The Philadelphia School District officials revealed 57 schools as the top and most improved in the Philly area.
Inquirer.com revealed that the district released report cards for the schools. The list included 216 traditional public schools and 87 charter schools. However, the West Philadelphia Achievement Charter did not participate.
Overall the schools scored a 44 out of 100 on the school progress report (SPR) for the 2018-19 year. Last year, the average was 42 and in the 2014-2015 school year, only 33.
“I think we’re going in the right direction, but no, I’m not happy. We have a lot of work to do,” Malika Savoy-Brooks, the district’s Chief of Academic Supports, told.
According to, the SPR is a system-created assessment that focuses on improvement.
The SPR takes into account climate, achievement, academics and more. For high schools, it also looked at college and career readiness programming.
The Philadelphia School District was dubbed a watch school. Schools can fall into four categories for this assessment. If a school scores 75-100, its a model school; a school within the 50-70 is a reinforce school; from 25-49, it’s a watch, and if the school is 0-24, it’s called a intervene.
According to the, some of the schools recognized by the district include: Penn Alexander Elementary in West Philadelphia, George W. Nebinger School, Philadelphia Academy Charter, James Logan School, and Parkway Northwest, and F. Amedee Bregy School, Franklin Towne Charter High School, William M. Meredith School, Feltonville School of Arts and Sciences, and Maritime Academy Charter School.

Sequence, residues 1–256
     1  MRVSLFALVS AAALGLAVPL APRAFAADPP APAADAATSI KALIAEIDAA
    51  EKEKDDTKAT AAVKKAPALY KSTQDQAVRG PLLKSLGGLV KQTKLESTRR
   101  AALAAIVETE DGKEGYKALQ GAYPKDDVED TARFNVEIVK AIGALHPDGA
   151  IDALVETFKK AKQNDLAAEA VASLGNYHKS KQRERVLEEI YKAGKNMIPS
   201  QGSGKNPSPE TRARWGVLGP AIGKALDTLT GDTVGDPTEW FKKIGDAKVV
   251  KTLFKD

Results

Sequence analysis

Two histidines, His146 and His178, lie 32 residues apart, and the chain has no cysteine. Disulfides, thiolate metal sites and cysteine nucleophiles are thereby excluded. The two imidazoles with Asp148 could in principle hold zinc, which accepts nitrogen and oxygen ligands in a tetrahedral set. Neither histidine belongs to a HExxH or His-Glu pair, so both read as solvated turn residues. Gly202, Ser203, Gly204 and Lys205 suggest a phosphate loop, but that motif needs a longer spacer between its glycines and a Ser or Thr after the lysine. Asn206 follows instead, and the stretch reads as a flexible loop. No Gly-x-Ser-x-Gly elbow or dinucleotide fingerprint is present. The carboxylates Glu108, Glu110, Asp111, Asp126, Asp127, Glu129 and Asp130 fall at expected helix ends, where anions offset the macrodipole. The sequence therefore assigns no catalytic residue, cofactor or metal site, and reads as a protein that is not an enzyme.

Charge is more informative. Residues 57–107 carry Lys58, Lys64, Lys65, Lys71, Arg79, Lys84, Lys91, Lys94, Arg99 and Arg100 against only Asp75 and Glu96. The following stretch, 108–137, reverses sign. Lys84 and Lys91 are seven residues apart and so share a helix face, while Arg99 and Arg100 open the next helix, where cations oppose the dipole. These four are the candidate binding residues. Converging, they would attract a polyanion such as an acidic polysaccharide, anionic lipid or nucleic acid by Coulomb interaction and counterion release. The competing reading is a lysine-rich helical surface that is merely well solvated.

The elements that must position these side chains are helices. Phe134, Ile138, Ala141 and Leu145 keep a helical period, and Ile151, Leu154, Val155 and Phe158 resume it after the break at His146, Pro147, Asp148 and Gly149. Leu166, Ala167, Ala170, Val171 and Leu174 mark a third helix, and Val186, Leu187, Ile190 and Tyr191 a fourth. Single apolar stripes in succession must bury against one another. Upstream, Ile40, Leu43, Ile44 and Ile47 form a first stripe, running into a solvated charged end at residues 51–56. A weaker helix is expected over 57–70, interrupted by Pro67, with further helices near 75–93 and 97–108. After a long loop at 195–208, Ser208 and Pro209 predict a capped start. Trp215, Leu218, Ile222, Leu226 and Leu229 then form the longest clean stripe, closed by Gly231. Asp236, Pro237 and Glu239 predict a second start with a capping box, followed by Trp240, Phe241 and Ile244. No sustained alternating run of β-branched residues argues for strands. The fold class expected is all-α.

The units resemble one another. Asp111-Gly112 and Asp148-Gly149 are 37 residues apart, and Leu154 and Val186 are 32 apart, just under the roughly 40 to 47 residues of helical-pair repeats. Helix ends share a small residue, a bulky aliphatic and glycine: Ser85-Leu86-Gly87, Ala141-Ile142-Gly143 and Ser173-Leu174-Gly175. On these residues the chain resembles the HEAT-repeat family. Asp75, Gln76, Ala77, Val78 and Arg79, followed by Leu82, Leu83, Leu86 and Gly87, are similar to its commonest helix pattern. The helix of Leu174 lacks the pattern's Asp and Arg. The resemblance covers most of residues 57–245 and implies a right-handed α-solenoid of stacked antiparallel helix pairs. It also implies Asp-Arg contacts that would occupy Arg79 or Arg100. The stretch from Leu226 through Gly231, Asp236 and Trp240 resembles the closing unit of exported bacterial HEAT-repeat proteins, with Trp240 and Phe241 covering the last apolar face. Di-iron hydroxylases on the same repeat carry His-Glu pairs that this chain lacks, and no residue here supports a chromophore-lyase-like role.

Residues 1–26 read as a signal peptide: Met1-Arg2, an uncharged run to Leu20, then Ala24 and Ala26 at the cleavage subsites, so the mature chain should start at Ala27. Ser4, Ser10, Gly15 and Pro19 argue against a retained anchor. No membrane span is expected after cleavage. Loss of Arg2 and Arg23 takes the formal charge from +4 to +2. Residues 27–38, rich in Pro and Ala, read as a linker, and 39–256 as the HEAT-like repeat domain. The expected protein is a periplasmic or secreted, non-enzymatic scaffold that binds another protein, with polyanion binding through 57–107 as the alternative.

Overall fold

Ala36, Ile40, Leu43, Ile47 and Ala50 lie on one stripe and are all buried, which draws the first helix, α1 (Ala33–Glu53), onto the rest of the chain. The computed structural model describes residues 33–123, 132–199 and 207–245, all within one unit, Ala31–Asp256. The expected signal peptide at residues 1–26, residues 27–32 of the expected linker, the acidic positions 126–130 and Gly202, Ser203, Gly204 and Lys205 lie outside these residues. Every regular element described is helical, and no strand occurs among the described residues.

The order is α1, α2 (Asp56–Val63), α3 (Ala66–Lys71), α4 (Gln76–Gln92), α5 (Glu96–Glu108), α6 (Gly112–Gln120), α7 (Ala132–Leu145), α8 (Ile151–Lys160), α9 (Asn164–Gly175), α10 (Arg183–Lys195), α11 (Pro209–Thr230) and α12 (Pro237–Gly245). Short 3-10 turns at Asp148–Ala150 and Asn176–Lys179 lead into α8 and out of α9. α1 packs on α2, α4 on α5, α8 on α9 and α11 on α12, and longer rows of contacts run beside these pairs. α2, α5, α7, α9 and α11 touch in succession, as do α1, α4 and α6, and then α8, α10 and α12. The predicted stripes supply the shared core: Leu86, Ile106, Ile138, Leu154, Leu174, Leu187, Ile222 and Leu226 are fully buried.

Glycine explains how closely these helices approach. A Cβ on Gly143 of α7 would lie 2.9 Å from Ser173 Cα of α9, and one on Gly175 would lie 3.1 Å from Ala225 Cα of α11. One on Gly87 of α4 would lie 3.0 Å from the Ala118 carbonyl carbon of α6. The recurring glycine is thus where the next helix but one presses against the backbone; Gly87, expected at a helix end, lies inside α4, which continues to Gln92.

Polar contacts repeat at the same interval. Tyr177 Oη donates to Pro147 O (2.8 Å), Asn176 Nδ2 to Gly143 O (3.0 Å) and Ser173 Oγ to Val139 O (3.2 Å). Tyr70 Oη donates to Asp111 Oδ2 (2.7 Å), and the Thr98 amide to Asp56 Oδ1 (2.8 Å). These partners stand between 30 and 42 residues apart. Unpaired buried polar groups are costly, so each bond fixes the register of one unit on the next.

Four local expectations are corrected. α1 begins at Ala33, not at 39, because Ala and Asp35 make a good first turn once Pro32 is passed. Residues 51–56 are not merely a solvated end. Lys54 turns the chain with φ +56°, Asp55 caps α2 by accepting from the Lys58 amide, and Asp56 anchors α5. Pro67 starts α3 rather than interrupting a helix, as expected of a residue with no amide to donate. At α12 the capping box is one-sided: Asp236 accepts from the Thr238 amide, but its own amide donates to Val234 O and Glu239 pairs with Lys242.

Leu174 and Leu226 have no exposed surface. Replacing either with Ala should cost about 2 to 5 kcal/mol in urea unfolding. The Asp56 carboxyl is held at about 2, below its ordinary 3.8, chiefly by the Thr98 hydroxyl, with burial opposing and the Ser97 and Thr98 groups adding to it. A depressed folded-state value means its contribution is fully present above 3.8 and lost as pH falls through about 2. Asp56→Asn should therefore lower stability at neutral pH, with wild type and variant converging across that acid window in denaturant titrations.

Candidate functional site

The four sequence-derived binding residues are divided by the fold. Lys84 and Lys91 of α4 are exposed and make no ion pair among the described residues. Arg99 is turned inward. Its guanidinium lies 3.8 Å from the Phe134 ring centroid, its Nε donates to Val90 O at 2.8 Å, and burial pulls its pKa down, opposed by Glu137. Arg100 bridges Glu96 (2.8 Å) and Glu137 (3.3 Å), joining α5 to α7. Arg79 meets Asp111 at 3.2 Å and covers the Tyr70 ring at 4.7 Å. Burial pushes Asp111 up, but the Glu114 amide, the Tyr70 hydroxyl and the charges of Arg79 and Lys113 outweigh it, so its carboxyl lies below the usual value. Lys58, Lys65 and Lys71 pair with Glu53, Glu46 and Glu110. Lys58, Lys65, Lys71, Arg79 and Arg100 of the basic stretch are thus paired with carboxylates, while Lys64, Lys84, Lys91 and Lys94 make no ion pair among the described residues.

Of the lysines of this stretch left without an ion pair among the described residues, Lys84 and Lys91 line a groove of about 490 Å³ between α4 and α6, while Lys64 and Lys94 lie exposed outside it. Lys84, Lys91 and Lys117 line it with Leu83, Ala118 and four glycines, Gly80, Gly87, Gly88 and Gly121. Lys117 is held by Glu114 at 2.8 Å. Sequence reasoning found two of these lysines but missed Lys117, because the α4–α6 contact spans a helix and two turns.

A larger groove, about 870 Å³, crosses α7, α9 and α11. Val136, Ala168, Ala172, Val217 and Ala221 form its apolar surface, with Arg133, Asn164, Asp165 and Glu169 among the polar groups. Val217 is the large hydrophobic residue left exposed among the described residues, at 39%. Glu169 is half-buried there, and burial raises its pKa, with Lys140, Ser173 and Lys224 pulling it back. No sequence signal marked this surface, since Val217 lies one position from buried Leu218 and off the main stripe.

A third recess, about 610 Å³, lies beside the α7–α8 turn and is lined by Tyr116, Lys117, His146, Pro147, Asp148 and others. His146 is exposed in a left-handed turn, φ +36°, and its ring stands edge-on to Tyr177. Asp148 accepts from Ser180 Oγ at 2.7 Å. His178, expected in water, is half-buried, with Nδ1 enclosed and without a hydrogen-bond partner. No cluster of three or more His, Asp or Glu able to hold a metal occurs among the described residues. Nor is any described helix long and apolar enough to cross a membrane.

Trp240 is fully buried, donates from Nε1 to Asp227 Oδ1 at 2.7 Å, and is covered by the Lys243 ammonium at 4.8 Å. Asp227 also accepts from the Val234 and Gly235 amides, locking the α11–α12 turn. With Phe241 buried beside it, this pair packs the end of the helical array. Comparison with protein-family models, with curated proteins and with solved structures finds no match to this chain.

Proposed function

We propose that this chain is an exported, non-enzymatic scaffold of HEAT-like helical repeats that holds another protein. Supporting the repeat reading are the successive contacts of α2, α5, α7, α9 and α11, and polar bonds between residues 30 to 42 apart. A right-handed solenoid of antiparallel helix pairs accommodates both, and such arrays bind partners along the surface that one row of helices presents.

It was reported that the district’s graduation rate is 69 percent.
Kenney made an appearance at the school’s event this morning and told outlets that, “Students’ futures are brighter because of this progress, and our city is better off.”
It was reported that Kenney spoke about the importance of education in Philly and took a dig at President Trump’s remarks about the “failing government schools.”
Trump criticized the school system last week while working to promote school choice. The President awarded a Philly student, Janiyah Davis, a scholarship so she would be able to attend a private school. Davis was on a school-choice scholarship for years.
Davis and her mom flew back to Philly with Vice President Mike Pence. Pence arrived in Philly to give a speech at a local school, promoting the school choice program.
Despite the Trump administration’s digs, it was reported that most Philly schools have improved considerably. It was reported that there was a lot of growth in Philly school’s climate scores. Climate scores include parent engagement, suspensions, attendance and more.